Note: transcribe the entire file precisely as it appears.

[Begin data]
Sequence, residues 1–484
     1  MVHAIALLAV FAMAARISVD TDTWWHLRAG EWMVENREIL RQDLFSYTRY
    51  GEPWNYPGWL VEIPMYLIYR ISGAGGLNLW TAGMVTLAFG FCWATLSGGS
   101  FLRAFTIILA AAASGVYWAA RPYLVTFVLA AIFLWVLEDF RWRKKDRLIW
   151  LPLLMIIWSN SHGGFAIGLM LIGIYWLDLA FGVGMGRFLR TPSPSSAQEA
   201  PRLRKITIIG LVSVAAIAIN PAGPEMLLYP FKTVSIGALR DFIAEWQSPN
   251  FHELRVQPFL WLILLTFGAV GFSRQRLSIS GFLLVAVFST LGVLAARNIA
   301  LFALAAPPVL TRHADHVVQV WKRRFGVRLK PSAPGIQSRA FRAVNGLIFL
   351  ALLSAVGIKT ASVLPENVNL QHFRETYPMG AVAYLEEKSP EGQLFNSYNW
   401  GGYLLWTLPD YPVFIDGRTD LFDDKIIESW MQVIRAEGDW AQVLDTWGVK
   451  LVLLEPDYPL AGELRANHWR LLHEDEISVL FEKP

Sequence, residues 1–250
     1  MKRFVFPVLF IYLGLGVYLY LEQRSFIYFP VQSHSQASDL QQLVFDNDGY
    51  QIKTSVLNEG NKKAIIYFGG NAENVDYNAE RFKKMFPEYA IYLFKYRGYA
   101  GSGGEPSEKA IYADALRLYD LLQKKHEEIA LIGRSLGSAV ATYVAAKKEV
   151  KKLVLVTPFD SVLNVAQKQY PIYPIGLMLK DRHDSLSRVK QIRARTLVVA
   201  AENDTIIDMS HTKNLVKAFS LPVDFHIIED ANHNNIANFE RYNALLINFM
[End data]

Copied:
Sequence, residues 1–484
     1  MVHAIALLAV FAMAARISVD TDTWWHLRAG EWMVENREIL RQDLFSYTRY
    51  GEPWNYPGWL VEIPMYLIYR ISGAGGLNLW TAGMVTLAFG FCWATLSGGS
   101  FLRAFTIILA AAASGVYWAA RPYLVTFVLA AIFLWVLEDF RWRKKDRLIW
   151  LPLLMIIWSN SHGGFAIGLM LIGIYWLDLA FGVGMGRFLR TPSPSSAQEA
   201  PRLRKITIIG LVSVAAIAIN PAGPEMLLYP FKTVSIGALR DFIAEWQSPN
   251  FHELRVQPFL WLILLTFGAV GFSRQRLSIS GFLLVAVFST LGVLAARNIA
   301  LFALAAPPVL TRHADHVVQV WKRRFGVRLK PSAPGIQSRA FRAVNGLIFL
   351  ALLSAVGIKT ASVLPENVNL QHFRETYPMG AVAYLEEKSP EGQLFNSYNW
   401  GGYLLWTLPD YPVFIDGRTD LFDDKIIESW MQVIRAEGDW AQVLDTWGVK
   451  LVLLEPDYPL AGELRANHWR LLHEDEISVL FEKP

Sequence, residues 1–250
     1  MKRFVFPVLF IYLGLGVYLY LEQRSFIYFP VQSHSQASDL QQLVFDNDGY
    51  QIKTSVLNEG NKKAIIYFGG NAENVDYNAE RFKKMFPEYA IYLFKYRGYA
   101  GSGGEPSEKA IYADALRLYD LLQKKHEEIA LIGRSLGSAV ATYVAAKKEV
   151  KKLVLVTPFD SVLNVAQKQY PIYPIGLMLK DRHDSLSRVK QIRARTLVVA
   201  AENDTIIDMS HTKNLVKAFS LPVDFHIIED ANHNNIANFE RYNALLINFM